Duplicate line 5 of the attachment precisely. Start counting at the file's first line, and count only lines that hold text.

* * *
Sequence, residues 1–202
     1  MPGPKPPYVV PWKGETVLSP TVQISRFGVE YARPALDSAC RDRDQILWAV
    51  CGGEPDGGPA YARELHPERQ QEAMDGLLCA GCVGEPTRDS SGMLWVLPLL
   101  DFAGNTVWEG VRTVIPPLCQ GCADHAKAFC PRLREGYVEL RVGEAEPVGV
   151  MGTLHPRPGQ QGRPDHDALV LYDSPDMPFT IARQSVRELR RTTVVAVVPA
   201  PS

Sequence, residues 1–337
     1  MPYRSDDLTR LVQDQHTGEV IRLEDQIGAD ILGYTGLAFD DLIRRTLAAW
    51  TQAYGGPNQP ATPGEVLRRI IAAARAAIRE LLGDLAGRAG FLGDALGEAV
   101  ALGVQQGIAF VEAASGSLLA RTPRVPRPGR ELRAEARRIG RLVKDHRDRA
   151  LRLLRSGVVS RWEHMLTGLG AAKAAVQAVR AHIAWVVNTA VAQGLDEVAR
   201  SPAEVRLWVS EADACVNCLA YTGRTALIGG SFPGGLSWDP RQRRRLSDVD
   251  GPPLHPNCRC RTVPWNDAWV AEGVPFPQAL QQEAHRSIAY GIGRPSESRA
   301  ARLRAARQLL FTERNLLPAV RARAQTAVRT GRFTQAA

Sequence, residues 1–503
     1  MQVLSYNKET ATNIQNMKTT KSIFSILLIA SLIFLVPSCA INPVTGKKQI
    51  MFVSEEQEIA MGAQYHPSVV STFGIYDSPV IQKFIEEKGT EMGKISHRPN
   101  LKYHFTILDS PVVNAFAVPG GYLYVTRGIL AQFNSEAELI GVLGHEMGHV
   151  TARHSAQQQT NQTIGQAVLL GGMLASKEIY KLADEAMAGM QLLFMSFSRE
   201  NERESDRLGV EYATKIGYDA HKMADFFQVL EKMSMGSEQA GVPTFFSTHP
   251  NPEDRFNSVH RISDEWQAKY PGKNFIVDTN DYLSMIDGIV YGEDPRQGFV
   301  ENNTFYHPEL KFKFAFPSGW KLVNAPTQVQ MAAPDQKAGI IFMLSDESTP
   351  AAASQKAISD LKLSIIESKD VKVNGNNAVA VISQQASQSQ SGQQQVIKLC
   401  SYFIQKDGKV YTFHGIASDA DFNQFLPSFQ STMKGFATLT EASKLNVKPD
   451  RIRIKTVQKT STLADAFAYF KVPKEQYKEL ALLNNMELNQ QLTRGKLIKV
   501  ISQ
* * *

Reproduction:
   151  MGTLHPRPGQ QGRPDHDALV LYDSPDMPFT IARQSVRELR RTTVVAVVPA